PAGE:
Three of Tokyo’s Best Winter Illuminations

By Elisabeth Lambert
November 29, 2013
Lifestyle

In Japan, you know Christmas is getting closer when illumination displays and festivals start lighting up the country. While some illuminations are now massive events to which hundreds of thousands of people will scramble for a look each year, you’re just as likely to stumble across smaller, yet just as beautiful displays in your local area. In fact, many main streets and stations join in the festivities too.

Midtown by Kabacchi cropped

Here are three of Savvy’s favorite illuminations in Tokyo:

Jewellumination by Zengame cropped

Jewellumination at Yomiuriland

This year, lighting designer Motoko Ishii has turned the Yomiuriland theme park into a “jewellery fantasy” that brings together light, color and “brilliant” music. In fact, a new color has been created, inspired by love, called “Lovely New Jewellery Color.” If that kind of originality isn’t enough to get you through the ticket gate, then a sunset or after dark gondola ride from Keio Yomiuriland Station to the theme park’s entrance should be. This is a really beautiful way to view this particular illumination, without the crowds and in some relative peace and quiet, before you get in amongst it. And the view from above is just breathtaking, especially watching the rides in operation under the twinkling night sky.

When: Through Feb. 16, 2014; 4-8:30 p.m.

Admission: Adults ¥700 yen; children ¥500; night pass ¥1,200 (for three people, either two adults and a child, or two children and an adult)

Access: Keio Yomiuriland Station, and then gondola, or Yomiuriland-mae Station, Odakyu Line, and then bus.

More info: For additional details, visit the Jewellumination website.

Midtown by Ajari cropped

Midtown Christmas

Held at the Tokyo Midtown complex, this illumination utilizes different spots around the building, including the incredibly transfixing “Diamond Dust” Christmas Tree that is featured in the main part of the complex, the major ground level entrance, and the grassy land out the back, which is transformed into the Starlight Garden. An array of colors and patterns definitely paint the tower in its best light. Due to its location, this is of course a popular illumination, however it’s well worth it, and there are other illuminations in the area you can also wander past, such as Roppongi Hills and Keyakizaka Street. Why not grab a meal in one of the Midtown restaurants overlooking the Starlight Garden? This is definitely a great way to enjoy the lights without the hustle and bustle (and cold temperatures!).

When: Through Dec. 25; 5-11 p.m.

Admission: Free

Access: Roppongi Station, Hibiya/Oedo Subway Lines or Nogizaka Station, Chiyoda Subway Line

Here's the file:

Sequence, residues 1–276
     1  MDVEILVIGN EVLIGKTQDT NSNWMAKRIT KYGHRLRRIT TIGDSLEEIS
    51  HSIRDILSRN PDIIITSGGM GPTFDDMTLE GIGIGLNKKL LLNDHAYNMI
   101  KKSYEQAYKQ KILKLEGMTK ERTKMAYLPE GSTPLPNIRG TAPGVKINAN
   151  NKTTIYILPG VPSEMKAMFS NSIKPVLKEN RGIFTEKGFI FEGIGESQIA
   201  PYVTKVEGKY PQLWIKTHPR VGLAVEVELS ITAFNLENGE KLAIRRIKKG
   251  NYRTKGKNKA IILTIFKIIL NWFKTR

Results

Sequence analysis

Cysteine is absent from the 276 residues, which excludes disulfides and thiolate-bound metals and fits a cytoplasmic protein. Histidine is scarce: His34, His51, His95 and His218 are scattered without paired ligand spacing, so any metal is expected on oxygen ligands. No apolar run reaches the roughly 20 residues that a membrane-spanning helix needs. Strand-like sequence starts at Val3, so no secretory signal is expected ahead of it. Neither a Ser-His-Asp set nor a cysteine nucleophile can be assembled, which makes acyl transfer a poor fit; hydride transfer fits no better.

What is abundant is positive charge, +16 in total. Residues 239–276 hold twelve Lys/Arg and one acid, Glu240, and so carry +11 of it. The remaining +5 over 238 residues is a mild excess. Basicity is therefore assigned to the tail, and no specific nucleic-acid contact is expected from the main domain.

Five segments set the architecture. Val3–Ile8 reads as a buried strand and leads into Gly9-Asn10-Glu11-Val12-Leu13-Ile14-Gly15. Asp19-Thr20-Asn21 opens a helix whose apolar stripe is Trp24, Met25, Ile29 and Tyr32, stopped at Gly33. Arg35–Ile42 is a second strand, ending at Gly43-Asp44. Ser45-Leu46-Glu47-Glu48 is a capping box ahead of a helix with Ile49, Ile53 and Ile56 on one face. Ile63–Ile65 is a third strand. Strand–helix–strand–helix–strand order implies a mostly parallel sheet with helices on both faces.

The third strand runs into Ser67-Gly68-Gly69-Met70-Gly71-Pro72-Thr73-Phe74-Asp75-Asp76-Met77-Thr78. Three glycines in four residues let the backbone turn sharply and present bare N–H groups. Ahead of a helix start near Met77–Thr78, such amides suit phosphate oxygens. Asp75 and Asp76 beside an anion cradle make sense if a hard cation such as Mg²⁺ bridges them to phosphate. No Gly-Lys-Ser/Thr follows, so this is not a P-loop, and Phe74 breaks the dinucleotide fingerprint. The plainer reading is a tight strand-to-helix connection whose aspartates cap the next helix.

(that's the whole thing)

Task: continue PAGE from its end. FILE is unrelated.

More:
More info: For additional information on Midtown Christmas 2013, click here.

Shiodome 2 by Zengame cropped

White Christmas in the Sea

Hosted by Caretta Shiodome, an entertainment complex, this illumination is more interactive than most and is comprised of a number of different parts, including a 3D projection and a massive LED display. This year’s 3D portion of the light fest aims to have visitors feel as though they are a part of a Christmas story or experience taking place in an under-the-sea world—well there’s a first time for everything! Visitors/participants are given instructions and are expected to applaud loudly at all the right moments in order for the story to progress. It is a busy and popular event on the illumination calendar, but well worth the effort.

When: Through Dec. 25; 5-10:30 p.m.

Admission: Free

Access: Shiodome Station, Toei Oedo/Yurikamome Lines

More info: For additional details visit the Caretta Illumination 2013 website.

 

What are your favorite Tokyo illuminations? Have you visited light displays in any other Japanese cities? Let us know in the comments!

 

Photos by Kabacchi, Zengame and Ajari.

Elisabeth's love affair with Japan began ten years ago. Having lived in both Osaka and Tokyo, she finds herself drawn to how the country’s traditions and processes manage to exist amongst the over-the-top wackiness for which modern-day Japan is notorious. Dividing her time with her husband and two young children between Tokyo and Melbourne, she regularly writes for print and online magazines in both countries, and is on a mission to save the English-speaking world from bad grammar. Elisabeth also loves a good bottle of bubbles, and is working on her first novel, although she tries her best not to combine the two.

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